Want Women Free of Sexual Shame? Stop Infantilizing Us!

by | Aug 26, 2022 | Abuse, Theology of Marriage and Sex | 25 comments

Stop Talking Down to Women about Sex

We know that women have a huge problem with sexual shame.

Many men do, too, of course! But let’s stick with women for a moment here, because when we were reading best-selling books to see trends of how they taught about sex, we noticed a pattern:

Quite often men were portrayed as knowing a ton about sex, and women were infantilized.

Here’s just a quick (and kind of gross) example from The Act of Marriage:

Their maidenly inhibitions and misconceptions compel them to lie on their backs and allow the vigorous young husbands to satisfy themselves.

Tim LaHaye

The Act of Marriage

So she has maidenly inhibitions and misconceptions, and he’s vigorous. 

She is scared of sex and hesitant and shy, and he totally can take control of the situation.

That’s one way it can be done–actually portraying men as the ones in the know and women as the ones who are more ignorant.

But then we can take it a step further, as Kevin Leman does, and use infantilizing language: 

Kevin Leman Mr. Happy Fixed It

It actually gets worse from there. 

He also calls the clitoris “your tender little friend.” Yes, he names it elsewhere, but Leman frequently uses “cutesy” euphemisms for body parts, which gives a distinctly creepy vibe–like a predator in a kids’ puppet show.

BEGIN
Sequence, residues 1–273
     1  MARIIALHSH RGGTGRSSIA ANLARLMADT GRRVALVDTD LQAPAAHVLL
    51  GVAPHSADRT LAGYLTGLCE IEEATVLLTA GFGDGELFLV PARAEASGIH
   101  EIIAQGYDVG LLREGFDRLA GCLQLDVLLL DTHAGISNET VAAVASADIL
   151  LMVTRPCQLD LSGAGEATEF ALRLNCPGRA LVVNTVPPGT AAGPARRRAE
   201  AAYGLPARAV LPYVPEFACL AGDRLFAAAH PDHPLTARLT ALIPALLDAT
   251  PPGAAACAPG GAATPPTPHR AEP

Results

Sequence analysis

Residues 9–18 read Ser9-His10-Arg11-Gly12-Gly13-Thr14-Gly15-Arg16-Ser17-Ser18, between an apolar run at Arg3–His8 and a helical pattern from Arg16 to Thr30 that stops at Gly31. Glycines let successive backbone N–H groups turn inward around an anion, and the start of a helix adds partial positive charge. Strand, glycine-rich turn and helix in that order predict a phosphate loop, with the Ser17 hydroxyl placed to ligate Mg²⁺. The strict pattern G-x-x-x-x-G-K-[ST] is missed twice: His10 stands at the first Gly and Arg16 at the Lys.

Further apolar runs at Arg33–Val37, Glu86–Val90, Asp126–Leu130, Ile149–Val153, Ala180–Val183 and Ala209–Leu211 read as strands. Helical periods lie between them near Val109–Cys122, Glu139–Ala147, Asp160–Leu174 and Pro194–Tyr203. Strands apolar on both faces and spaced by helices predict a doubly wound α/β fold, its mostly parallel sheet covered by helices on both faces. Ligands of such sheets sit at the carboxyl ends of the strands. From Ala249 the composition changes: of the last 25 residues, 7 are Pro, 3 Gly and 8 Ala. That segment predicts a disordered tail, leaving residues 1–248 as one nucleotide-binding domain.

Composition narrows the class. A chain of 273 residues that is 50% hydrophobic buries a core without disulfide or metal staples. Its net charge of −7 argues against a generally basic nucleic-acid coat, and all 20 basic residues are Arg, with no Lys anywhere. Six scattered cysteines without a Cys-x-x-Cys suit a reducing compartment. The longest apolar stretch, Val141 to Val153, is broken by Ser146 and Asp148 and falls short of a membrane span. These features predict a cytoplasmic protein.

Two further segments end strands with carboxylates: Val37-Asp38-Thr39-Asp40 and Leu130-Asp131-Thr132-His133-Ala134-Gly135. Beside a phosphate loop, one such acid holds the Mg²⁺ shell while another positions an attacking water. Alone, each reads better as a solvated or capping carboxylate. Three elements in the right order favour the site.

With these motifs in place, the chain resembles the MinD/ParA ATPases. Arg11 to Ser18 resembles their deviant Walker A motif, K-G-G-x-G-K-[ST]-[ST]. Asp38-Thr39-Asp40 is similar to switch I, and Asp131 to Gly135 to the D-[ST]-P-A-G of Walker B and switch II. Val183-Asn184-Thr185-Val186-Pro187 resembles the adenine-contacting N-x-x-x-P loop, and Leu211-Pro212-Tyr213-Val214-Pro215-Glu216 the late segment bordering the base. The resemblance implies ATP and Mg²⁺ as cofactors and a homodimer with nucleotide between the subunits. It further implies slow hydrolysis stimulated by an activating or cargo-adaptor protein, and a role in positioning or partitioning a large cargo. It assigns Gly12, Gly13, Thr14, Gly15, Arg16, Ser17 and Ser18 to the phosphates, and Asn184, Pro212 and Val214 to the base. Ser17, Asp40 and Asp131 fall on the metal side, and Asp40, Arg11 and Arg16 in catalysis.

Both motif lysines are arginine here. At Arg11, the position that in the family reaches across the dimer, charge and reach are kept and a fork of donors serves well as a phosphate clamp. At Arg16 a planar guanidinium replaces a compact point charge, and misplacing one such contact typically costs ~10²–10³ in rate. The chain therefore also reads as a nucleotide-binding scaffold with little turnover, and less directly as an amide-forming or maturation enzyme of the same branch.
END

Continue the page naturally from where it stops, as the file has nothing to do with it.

Using euphemisms like that talks down to women in a way that he doesn’t talk down to men in his book. And that gives an impression–men are mature in this area. Women aren’t. And so women need to be coaxed along, because men understand about sex and women don’t.

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Why do we assume that men are knowledgeable about sex and women aren’t?

This infantilizing language coming from male authors gives a distinct impression: women are ashamed of sex while men aren’t.

Men are sexual and women need to be coaxed.

Sex is something men naturally get, while women don’t.

When we were writing The Great Sex Rescue, we actually conducted some focus groups to see how other women reacted to both of these passages. 

We wanted to know if it was just us who found them disturbing.

Rebecca ran them really well, not showing any emotion or asking leading questions, and mirroring back what the participants were saying. She almost kicked me out of a focus group at one point because I was agreeing with the participants too much, and that’s a no-no!

Here’s what we said about this in The Great Sex Rescue: 

Great Sex Rescue

From The Great Sex Rescue

Across the board, women were unimpressed when they felt they were being talked down to. And some of the greatest offenders were the cutesy euphemisms such as “Mr. Happy” for “penis” and “tender little friend” for “clitoris.” These words made women feel infantilized, which is hardly sexy. When we read the “Mr. Happy” passages, women’s eyebrows darted up, they started shaking their heads, and in one group we even heard a chorus of “Eeeeeewwwww.” One woman said of Mr. Happy, “If it wasn’t about sex, this could be a puppet show for kids.” Another said, “It sounds like Mister Roger’s Neighborhood, where everything is a friend. That’s very disturbing!”

Universally, women did not shy away from explicit instruction, but they preferred passages using proper terminology. We believe these authors wanted to make sex less shameful by talking openly, perhaps even by adding some humor. However, talking to women as if they’re children does not end shame; rather, it treats them like they’re inadequate and not up to the task.